ANDHRA PRADESH, TALENGANA Illegal Desilting NGT barred mechanical sand mining The Tribunal directed Andhra Pradesh and Telangana governments to ensure that there is no mechanical sand mining on the riverbeds in the states. A court also directed both the states to file affidavits of secretaries concerned on the issue of sand mining in major rivers like Krishna, Godavari, Vamsadhara, Penna, Pranahita and their tributaries.
The green panel’s direction came while hearing a plea by NGO Readiness for Empowerment through Legitimate Action (RELA) and Polavaram Mandal ex-president Vara Laxmi seeking directions to Andhra Pradesh, Telangana, Odissa and Maharashtra governments to ban illegal sand mining. The plea had also sought directions to formulate and place on record strategy to prevent illegal mining and a cumulative impact study on rampant sand mining in these states. http://indianexpress.com/article/india/ngt-bars-mechanical-sand-mining-in-andhra-pradesh-telangana-4423645/ (January 2017)
NGT issued notices against sand mining The Tribunal issued notices to Telangana, AP, Maharashtra and Central governments on the ongoing illegal sand mining hearing the PIL from RELA NGO. The petitioner argued that the Telangana government had illegally ordered sand mining of 5.60 crore cubic metres and permitting the same at Medigadda and Annaram reservoirs. Andhra Pradesh was also allowing illegal mining in Krishna and Godavari river beds and their tributaries. Similarly, Maharashtra was encouraging the same sand mining in Manjira river bed leading to serious environmental complications. Similarly one more petitioner had approached the court complaining against Chhattisgarh State Government. The NGT has bunched the petitions for further hearing. http://www.thehansindia.com/posts/index/Telangana/2017-02-24/NGT-issues-notices-against-sand-mining/282908 (February 2017)
NGT asked CPCB to clarify Further the court directed Central Pollution Control Board to inspect riverbeds in Andhra Pradesh and Telangana and clarify whether sand mining was being carried out in the name of desilting and submit a comprehensive report within two weeks indicating whether desilting was essential for the area or not.
It also asked to investigate the contentions of these states that such activity could not be done manually and had to be done mechanically. The NGT had earlier directed Andhra Pradesh and Telangana governments to ensure that there is no mechanical sand mining on the riverbeds in the states without prior environment clearance. http://indianexpress.com/article/india/desilting-or-sand-mining-in-andhra-pradesh-telangana-ngt-asks-cpcb-to-clarify-4599214/ (April 2017)
CPCB pulled up Telangana and Andhra over ‘illegal’ sand-mining In its report, CPCB faulted the both State governments for undertaking sand-mining in reservoirs and rivers without obtaining EC, without carrying out detailed assessment of sand deposition and without studying the impact on the environment.
The CPCB in its additional report on Telangana said sand excavation was carried out in hundreds of hectares using hundreds of vehicles. It said full-fledged desilting was in progress in Telangana and the government was earning money by selling sand. It said a detailed study was not done to verify environmental sustainability as was required as per the Sustainable Sand Mining Management Guidelines 2016 before undertaking the desilting activities especially in the submergence areas of the rivers Manair, Mohitummeda and Godavari.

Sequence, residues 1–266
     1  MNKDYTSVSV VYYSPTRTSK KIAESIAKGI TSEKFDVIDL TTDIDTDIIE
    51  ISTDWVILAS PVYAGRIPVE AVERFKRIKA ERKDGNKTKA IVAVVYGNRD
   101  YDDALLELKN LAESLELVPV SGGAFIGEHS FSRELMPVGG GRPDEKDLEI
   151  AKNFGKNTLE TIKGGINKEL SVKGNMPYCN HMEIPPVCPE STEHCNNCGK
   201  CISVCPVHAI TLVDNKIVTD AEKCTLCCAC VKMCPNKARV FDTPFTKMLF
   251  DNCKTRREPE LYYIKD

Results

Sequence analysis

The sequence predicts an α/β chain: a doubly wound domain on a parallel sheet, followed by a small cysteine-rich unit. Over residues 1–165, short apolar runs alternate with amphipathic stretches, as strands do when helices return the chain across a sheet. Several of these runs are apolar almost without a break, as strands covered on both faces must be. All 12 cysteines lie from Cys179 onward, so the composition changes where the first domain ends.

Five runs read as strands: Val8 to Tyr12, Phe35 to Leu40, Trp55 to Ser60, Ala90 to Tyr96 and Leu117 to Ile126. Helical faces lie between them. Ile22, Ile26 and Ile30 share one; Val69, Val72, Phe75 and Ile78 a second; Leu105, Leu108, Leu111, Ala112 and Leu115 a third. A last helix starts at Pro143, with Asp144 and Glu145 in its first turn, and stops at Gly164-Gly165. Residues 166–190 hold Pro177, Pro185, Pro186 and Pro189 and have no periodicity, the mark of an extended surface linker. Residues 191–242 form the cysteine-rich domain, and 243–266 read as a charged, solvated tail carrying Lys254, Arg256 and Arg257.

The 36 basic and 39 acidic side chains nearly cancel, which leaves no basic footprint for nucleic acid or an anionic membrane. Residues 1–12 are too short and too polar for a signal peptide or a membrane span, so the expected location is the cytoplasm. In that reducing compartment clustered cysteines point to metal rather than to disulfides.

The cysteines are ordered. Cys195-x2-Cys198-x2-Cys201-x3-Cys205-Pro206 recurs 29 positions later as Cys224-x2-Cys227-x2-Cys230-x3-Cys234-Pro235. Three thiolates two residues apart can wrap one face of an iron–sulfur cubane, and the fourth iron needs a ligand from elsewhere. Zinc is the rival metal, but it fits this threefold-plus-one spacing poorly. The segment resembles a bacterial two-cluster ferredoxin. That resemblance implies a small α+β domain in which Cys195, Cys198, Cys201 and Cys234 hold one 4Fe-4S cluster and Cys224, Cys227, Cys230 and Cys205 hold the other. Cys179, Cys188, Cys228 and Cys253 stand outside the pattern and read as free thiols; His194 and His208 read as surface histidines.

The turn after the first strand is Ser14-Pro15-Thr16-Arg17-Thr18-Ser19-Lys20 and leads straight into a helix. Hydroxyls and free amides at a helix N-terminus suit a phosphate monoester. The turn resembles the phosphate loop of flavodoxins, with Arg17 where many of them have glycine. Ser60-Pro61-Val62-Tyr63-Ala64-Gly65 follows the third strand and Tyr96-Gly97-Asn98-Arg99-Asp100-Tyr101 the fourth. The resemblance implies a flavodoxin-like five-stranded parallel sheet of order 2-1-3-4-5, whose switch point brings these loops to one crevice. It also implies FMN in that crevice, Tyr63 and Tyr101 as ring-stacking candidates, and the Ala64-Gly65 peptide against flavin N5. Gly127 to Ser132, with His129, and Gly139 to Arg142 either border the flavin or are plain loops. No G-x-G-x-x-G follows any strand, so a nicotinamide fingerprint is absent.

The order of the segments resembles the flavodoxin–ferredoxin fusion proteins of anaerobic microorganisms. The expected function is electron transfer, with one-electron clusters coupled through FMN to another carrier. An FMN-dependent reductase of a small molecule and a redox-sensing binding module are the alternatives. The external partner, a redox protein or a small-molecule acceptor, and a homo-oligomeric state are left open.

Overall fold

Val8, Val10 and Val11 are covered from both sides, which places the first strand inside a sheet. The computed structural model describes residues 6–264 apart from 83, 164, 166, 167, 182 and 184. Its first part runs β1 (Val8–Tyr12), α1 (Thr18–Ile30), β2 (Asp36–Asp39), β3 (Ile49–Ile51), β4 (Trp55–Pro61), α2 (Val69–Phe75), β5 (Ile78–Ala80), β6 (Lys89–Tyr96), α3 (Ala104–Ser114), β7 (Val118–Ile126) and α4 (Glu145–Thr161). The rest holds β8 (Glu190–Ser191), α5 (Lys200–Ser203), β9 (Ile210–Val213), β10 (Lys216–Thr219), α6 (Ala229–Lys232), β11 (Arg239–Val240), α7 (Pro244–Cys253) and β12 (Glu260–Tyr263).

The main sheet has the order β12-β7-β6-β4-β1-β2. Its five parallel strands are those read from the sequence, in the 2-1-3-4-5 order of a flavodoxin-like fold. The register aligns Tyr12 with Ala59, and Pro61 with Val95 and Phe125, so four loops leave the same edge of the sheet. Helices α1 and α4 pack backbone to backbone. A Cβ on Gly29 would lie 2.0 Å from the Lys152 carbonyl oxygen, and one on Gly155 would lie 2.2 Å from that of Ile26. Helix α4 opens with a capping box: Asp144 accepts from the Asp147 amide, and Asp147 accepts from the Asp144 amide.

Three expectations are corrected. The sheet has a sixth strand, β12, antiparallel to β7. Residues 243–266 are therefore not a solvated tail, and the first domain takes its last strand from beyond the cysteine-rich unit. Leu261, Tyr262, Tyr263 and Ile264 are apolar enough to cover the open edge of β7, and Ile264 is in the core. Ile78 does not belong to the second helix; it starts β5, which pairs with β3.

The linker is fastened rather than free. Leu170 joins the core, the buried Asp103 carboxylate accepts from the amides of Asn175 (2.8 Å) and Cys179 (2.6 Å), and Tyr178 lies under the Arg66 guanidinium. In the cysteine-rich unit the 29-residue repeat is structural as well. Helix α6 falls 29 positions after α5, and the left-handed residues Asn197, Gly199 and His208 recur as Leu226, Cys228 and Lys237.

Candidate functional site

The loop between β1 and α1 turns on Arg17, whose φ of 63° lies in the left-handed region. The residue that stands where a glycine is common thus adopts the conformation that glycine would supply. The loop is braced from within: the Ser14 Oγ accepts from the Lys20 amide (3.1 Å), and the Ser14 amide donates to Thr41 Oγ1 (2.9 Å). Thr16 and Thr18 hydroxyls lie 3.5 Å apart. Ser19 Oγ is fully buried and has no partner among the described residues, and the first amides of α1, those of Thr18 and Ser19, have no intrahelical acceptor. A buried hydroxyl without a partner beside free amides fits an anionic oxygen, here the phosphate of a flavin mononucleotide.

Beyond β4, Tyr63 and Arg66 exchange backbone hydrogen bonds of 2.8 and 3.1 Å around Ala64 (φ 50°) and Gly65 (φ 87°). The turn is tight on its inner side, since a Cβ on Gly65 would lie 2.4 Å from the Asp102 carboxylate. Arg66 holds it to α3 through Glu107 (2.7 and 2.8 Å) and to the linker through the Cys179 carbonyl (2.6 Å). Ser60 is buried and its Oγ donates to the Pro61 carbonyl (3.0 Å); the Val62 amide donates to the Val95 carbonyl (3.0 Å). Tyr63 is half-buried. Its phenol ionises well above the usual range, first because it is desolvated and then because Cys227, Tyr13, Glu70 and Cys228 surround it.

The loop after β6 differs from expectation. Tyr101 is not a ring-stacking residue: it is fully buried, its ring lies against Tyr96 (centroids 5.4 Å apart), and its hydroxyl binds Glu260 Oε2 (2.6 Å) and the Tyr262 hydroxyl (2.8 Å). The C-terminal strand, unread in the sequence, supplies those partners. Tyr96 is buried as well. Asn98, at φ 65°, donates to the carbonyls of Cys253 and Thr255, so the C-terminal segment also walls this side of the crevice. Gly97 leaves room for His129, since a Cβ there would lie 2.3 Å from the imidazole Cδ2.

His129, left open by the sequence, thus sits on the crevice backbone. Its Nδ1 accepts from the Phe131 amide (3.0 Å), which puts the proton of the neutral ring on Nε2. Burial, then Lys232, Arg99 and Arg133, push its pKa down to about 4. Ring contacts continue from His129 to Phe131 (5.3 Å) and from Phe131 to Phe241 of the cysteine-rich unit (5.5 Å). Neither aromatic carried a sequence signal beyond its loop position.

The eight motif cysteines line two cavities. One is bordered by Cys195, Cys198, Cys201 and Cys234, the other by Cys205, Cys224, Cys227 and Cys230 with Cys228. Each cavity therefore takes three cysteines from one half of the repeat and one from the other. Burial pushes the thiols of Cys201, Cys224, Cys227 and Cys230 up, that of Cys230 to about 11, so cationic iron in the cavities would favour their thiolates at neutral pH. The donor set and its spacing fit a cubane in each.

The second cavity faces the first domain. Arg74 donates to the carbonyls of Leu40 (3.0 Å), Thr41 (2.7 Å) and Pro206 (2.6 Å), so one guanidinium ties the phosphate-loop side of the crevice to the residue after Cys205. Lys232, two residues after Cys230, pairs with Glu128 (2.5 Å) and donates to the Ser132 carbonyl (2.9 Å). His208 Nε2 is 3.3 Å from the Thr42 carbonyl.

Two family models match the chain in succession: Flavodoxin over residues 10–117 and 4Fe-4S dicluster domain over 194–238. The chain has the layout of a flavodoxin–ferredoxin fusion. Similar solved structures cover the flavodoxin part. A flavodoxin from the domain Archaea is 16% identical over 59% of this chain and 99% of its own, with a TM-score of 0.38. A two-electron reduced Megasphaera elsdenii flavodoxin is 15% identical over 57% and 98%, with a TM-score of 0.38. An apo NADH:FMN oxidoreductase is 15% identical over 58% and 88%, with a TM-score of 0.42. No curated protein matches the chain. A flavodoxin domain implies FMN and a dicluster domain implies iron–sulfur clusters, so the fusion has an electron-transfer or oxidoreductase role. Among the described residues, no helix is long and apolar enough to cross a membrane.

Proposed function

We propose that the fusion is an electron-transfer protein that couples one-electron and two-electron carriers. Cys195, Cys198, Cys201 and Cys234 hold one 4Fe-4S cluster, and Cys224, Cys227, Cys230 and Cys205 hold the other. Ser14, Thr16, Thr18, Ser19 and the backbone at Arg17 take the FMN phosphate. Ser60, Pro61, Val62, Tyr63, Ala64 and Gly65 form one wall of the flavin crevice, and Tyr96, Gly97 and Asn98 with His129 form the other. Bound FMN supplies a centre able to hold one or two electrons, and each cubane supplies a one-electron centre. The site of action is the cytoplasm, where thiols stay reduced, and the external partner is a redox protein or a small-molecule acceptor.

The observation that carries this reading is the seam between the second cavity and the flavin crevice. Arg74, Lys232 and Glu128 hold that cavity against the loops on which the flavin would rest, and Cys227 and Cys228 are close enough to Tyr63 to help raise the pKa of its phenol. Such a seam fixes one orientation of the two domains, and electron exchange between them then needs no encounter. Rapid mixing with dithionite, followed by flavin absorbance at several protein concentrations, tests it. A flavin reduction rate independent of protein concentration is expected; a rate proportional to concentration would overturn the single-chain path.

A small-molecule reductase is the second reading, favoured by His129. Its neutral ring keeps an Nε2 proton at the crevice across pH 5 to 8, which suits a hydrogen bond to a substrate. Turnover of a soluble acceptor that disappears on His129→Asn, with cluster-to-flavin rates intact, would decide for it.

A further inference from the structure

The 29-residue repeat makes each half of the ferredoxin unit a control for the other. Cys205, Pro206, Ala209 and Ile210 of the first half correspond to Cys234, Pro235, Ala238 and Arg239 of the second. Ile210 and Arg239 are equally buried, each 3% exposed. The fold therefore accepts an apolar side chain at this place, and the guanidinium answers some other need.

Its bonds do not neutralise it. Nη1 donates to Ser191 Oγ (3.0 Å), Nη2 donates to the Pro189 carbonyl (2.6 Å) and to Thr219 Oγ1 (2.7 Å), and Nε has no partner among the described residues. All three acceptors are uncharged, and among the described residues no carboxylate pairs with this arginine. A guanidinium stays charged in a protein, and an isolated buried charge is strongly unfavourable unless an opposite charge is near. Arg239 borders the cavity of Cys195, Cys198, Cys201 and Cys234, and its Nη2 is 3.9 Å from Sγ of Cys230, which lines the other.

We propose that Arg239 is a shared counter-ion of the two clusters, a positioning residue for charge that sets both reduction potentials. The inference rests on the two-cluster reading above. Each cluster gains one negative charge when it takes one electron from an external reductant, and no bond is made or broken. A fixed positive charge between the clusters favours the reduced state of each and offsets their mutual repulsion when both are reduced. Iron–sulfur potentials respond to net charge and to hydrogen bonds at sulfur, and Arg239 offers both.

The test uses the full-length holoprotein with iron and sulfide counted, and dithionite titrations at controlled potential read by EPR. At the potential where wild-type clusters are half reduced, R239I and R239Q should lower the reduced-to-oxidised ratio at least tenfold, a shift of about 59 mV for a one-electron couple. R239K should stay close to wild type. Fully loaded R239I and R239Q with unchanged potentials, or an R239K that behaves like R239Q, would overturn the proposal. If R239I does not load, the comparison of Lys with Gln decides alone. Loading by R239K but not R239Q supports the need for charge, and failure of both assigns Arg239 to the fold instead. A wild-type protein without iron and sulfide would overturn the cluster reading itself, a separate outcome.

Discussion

In case of Andhra, CPCB found mining was going on in 7 places (Penumaka, Venkatayapalem, Uddandarayunipalem Lingayapalem, Prakasam Barrage, Rayapudi I and Rayapudi II) in place of 5 as mentioned by the government. The CPCB team said there were procedural discrepancies before undertaking the dredging operations; the government had not carried out the detailed study on environmental sustainability and the impacts of dredging operations on flora and fauna by involving the relevant departments. The CPCB report said this clearly indicated that the objective was to “extracts sand from Krishna River rather than to desilt it”. http://www.deccanchronicle.com/nation/current-affairs/230517/cpbc-pulls-up-telangana-anf-ap-government-over-illegal-sand-mining.html (May 2017)
ANDHRA PRADESH Officials rebuked over failure to check illegal mining The Amravati HC on Feb. 1 2017, faulted the revenue authorities of Kurnool district for not being prompt in preventing illegal mining of sand on the banks of river Handri. It was contended in the writ petition that there was a large-scale illegal mining of sand and that the revenue authorities turned a blind eye in spite of repeated complaints. https://timesofindia.indiatimes.com/city/amaravati/illegal-sand-mining-high-court-pulls-up-andhra-pradesh-officials/articleshow/56906586.cms (February 2017)
KARNATAKA NGT orders against sand mining in CRZ The Chennai bench of Green Tribunal in its recent order has disallowed sand extraction in the name of clearing sand dunes in coastal regulatory zone. The court, in this connection, had quashed all the licences issued by the district administration for sand extraction. It observed that the district administration had not properly followed the guidelines contained in the notification issued by the department of environment and forests when issuing these licences. http://www.daijiworld.com/news/newsDisplay.aspx?newsID=440341 (Feb 2017)
Compiled by Bhim Singh Rawat (email@example.com)
For first and second part of the series, kindly explore
You may also like to see,